Understanding now that there were two abodes of the dead at the time of Jesus’ death, makes it perfectly understandable why Jesus said,
Mat 12:40 For as Jonas was three days and three nights in the whale’s belly; so shall the Son of man be three days and three nights in the heart of the earth.
Jesus was telling where He would be from the time of His death to His resurrection three days later. Jesus proclaimed He would be “in the heart of the earth.” We know that Jesus’ body went into the tomb, so this is clearly a reference to His soul–the eternal essence of man. His soul went to Abraham’s Bosom, the place of comfort and the love of a father–father Abraham. Jesus compared the duration of time to the time Jonah spent “in the belly of the fish” (Jonah 1:17), which Jonah himself called “the belly of hell” (Jonah 2:2).
Jonah was unrighteous in his flight from God’s calling, and his reference to the “belly of hell” is either a figurative or literal reference to the place of torment. Jesus used the “heart of the earth” to describe the place of comfort where He would go at death. Abraham’s Bosom, the place of comfort, was the resting place for all those who died in faith in the God of Abraham, Isaac, and Jacob. Jesus also called this place “Paradise” in His promise to the thief on the cross.
Luke 23:42 Then he said to Jesus, “Lord, remember me when You come into Your kingdom.”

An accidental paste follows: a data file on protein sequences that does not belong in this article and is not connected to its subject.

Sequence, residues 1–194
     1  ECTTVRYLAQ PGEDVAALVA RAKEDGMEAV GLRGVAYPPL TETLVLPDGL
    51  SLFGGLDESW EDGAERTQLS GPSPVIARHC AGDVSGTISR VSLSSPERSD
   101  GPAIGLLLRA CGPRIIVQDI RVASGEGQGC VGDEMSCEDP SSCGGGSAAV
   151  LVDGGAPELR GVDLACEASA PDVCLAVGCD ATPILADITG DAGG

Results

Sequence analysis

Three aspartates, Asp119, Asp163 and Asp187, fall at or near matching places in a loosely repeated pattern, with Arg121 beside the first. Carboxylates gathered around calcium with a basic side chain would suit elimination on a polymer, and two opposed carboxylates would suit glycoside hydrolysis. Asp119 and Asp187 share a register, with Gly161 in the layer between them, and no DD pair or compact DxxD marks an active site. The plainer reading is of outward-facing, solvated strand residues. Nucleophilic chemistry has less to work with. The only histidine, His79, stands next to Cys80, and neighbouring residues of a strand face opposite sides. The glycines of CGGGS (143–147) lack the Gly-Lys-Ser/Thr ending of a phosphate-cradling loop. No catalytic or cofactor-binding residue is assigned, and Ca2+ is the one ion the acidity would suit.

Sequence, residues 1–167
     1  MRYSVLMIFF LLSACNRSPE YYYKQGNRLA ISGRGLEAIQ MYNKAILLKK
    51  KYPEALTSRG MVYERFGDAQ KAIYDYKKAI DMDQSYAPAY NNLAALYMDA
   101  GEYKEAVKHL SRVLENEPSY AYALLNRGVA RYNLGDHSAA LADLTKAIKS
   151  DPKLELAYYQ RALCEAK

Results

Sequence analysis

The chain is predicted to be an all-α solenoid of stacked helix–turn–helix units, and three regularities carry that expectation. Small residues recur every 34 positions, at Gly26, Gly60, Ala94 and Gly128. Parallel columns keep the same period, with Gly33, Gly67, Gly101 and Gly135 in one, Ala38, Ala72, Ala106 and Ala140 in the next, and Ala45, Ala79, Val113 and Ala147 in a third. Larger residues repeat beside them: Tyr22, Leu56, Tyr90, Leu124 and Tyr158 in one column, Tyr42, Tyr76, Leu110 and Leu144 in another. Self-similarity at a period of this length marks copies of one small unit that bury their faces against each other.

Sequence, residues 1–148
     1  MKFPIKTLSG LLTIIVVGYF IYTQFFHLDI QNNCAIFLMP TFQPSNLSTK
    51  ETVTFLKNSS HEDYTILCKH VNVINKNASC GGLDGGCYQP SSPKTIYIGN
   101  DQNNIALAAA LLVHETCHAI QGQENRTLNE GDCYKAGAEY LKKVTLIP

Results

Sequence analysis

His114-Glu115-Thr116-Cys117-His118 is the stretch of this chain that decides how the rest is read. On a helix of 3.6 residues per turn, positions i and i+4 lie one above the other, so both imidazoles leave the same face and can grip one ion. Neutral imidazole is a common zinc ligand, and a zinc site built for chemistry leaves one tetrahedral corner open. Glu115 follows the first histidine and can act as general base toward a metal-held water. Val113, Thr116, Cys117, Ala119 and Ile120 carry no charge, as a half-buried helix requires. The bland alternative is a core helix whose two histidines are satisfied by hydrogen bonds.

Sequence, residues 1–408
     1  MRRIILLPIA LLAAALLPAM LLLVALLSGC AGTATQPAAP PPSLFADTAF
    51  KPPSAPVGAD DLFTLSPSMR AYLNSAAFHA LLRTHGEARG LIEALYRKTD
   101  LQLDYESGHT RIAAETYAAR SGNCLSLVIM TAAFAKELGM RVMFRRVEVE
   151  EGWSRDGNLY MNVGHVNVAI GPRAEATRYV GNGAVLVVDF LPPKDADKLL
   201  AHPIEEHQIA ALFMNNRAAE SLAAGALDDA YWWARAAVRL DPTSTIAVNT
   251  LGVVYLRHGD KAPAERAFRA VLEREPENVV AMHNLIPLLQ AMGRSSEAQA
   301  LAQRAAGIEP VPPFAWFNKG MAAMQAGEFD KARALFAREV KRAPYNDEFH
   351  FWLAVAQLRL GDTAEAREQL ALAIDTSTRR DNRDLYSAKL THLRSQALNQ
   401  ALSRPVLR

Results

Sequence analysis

Luke 23:43 And Jesus said to him, “Assuredly, I say to you, today you will be with Me in Paradise.”
Some think “Paradise,” as used in this verse, is the same place as Heaven, but it was not. Until Jesus ascended to Heaven, Paradise was the same place as Abraham’s Bosom. That’s where the thief on the cross went at death. That’s where all the Old Testament saints were resting and waiting. Paradise, Abraham’s Bosom, the abode of the righteous dead, and the place of comfort are names for the place where Jesus went when He took His last breath and proclaimed, “It is Finished” (John 19:30).
A Risen Paradise
Since Jesus’ ascension, Paradise (Abraham’s Bosom) is no longer in the heart of the earth. It served as a holding place until the promised Seed (Genesis 3:15) came and made full and complete atonement for the sins of man. When Jesus ascended to Heaven 40 days after His resurrection (Acts 1:3,9), He took those in Paradise with Him. By Jesus’ life, death, burial and resurrection, the souls had been made worthy to come into the presence of God. They had died in faith and hope, and when Jesus’ ascended they received the promise of the place of glory.
Ephesians 4:8-10 Therefore He says: “When He ascended on high, He led captivity captive [led those in Paradise], And gave gifts to men.” (Now this, “He ascended”; what does it mean but that He also first descended into the lower parts of the earth? [into the heart of the earth, Paradise/Abraham’s Bosom] He who descended is also the One who ascended far above all the heavens [to the third heaven, to the dwelling place of God], that He might fill all things.)
Paradise in now in the third Heaven, and the souls of all who die “in Christ” go there immediately to be with the Lord (2 Corinthians 5:8). Paul and John also wrote of Paradise, which is now in Heaven (2 Corinthians 12:4, Revelation 2:7).